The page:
Given the comparable preponderance of forces and equipment, the Pakistanis should feel deterred, which unfortunately, they don’t. And, this brings us to the weaknesses at the operational or senior commanders’ level. The first issue concerns habitat of soldiers. For forward deployed troops, no more than 50 per cent defences of all types and communication trenches are hardened, lacking in desired security and cover for troops. The defences should be constructed by engineers under ‘operation works’ and not be concrete-made by troops themselves which are unable to withstand direct heavy firepower. Next, the large numbers of RR troops moved forward to AIOS over last two years are living in tents in freezing temperatures without proper toilets and water supply. Given that 25 division has nearly 75 patrols and ambushes laid each night, troops are neither getting adequate rest nor minimum comfort to perform their tasks well. Considering that the northern army commander has financial powers to spend Rs 150 crore each year, these facilities should have been given priority rather than allow the slow pace of work under the Army Headquarters five-year roll-on plan for defences and habitat. Similarly, most surveillance devices being over a decade old (they were purchased from Israel after the 1999 Kargil conflict) need replacement or upgrades.
Probably, the single important reason why Pakistanis are not deterred despite large numbers on the LC is the inward oriented mindset. All forces — in the forward zone, behind the AIOS and the BSF — are focused on anti-infiltration role. And given the punishing routine of ambushes, patrols and constant observation round the clock for infiltrators, the Indian troops pose no threat to the enemy which is apparent in their deployment and routine. The Pakistani forces facing India are in two-tier of Mujahid and regular POK battalions behind them. The Mujahid or the ‘son of soil’ forces have six companies (each with about 120 men) which do patrolling, though less strenuous than the Indians, to ensure sanctity of the LC. The POK battalions are free and do training for ‘hot war’.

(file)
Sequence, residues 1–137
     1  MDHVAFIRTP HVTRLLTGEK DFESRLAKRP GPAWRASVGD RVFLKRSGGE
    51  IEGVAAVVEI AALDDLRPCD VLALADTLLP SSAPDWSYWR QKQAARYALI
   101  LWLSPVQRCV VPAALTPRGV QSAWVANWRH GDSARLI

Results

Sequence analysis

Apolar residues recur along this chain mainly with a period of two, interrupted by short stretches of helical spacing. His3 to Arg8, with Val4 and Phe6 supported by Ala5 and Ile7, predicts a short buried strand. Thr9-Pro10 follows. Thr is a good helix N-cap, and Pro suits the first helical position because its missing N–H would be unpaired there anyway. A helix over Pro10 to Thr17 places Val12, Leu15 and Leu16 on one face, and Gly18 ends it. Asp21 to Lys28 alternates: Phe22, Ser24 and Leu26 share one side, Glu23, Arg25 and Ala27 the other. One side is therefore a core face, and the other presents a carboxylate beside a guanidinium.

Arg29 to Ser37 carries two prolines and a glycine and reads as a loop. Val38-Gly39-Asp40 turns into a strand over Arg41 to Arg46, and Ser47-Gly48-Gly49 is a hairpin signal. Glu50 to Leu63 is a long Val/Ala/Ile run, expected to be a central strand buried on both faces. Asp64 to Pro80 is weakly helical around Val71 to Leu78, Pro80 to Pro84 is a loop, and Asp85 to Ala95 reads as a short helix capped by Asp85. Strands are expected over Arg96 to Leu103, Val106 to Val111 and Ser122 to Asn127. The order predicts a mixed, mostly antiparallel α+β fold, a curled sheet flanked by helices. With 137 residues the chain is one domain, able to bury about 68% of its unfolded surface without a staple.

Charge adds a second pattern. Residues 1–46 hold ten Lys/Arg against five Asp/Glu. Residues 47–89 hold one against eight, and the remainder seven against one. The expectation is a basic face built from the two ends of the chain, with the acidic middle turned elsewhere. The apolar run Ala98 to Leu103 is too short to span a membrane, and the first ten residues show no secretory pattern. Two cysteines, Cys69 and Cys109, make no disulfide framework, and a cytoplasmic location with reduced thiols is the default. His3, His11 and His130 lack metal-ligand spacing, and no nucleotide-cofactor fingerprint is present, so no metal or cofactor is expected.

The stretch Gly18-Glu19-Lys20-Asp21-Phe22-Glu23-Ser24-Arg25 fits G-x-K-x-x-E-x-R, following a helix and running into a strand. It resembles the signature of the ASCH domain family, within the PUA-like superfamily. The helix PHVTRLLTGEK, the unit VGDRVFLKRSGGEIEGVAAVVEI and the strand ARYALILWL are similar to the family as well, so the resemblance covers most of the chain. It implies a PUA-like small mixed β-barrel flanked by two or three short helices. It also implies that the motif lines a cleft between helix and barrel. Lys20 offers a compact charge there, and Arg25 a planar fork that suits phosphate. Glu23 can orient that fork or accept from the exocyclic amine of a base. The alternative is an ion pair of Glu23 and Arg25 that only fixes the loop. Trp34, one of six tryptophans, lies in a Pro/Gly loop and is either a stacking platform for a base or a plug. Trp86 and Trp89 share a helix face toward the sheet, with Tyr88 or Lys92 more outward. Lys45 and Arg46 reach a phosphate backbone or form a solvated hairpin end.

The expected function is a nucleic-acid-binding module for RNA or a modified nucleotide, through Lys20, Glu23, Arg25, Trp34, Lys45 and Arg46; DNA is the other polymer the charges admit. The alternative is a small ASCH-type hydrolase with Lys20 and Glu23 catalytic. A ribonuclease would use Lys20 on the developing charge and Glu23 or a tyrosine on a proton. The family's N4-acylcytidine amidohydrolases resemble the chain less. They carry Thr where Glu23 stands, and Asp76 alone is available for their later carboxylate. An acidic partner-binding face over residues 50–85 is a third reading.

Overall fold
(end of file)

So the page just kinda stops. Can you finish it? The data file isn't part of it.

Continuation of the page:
Thus, the contention of senior Indian officers that additional RR troops are add-on to troops on the LC in case of a ‘hot war’ is suspect as both forces do negligible desired training on regular basis. Serious training for ‘hot war’ requires nod from the political leadership. There are lucrative war objectives like Hajipir, Kotli, Mirpur, Bimber, Mangla and so on to be obtained across the military-held line. India has numbers in its favour and minimal risk of Pakistan’s nuclear red-lines here. What it lacks is a serious review of the defensive counter-infiltration mindset, for which it needs not only support but direction from the political leadership. And this, unfortunately, is not happening.